Possibly My Best Friend Is A Vampire? It came out in 1987, involves kids, has a dream sequence with a "shower scene" with (shower, not window) curtains... can't remember if there was a model of the town in it or not though.

  • Unfortunately, this wasn't it either. Thanks though. It definitely felt more serious. Commented Apr 8, 2021 at 20:09

I wonder if it was Fright Night (1985). It's been a while since I've seen it, but:

  • There are definitely vampires
  • The main characters are high school age but look pretty young
  • A large plot point of the movie includes looking through the neighbor's window. I think this gets a bit NSFW, but if you YouTube "Fright Night Window," you'll see that it includes dreamy window curtain sequences, as you mentioned.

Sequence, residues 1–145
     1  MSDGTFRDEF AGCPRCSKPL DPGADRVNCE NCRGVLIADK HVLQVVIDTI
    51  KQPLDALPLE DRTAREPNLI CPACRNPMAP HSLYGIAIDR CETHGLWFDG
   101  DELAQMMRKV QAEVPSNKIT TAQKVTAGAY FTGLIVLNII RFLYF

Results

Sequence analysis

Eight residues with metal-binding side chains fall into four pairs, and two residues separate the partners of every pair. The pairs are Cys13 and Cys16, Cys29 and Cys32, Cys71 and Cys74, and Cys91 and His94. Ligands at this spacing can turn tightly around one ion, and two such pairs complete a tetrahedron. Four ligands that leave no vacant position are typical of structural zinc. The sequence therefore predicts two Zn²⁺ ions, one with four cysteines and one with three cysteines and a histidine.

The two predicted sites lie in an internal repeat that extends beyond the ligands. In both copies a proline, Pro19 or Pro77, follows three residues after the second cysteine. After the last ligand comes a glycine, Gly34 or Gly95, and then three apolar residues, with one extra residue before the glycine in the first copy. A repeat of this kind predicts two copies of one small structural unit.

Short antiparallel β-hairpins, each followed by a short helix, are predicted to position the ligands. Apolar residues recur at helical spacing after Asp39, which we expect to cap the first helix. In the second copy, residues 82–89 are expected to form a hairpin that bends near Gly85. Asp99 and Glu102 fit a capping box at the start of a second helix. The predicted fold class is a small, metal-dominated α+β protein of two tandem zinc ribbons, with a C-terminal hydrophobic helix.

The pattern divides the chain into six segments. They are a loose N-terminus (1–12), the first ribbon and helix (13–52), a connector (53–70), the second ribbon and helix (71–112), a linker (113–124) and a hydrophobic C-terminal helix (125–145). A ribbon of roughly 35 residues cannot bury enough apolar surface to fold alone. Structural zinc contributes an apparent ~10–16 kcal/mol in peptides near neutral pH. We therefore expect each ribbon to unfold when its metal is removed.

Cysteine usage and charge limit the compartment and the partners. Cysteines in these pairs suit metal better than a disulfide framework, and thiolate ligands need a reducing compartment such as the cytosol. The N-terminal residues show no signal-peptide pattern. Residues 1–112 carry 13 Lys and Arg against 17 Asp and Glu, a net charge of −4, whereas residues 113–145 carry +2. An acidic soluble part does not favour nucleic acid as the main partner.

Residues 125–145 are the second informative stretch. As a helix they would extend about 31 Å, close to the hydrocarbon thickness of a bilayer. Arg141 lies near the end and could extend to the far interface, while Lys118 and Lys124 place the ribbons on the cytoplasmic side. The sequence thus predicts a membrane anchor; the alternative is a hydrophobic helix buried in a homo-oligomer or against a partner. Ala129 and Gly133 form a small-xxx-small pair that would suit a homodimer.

• Not sure about any model towns or prison bars, though... Again, it's been a while...

Since comments can be deleted, I'll go ahead and answer Beetlejuice (1988), which is a comedy, but could seem scary to a very young child.

Adam (Alec Baldwin) and Barbara (Geena Davis) live in an old house in New England. In the attic, Adam has made a detailed scale model of the town and their house. Adam and Barbara die in a car accident and a new family moves into their house. But Adam and Barbara's ghosts don't want the new family in their house, so they try to scare them away. They call upon a ghost-for-hire named Beetlejuice (say his name three times to invoke him), played by Michael Keaton in white face paint, Joker-like hair, and black-and-white striped pajamas that look like an old-fashioned movie prison uniform. The new family isn't scared by Beetlejuice, though, and wants to make money off their "haunted house."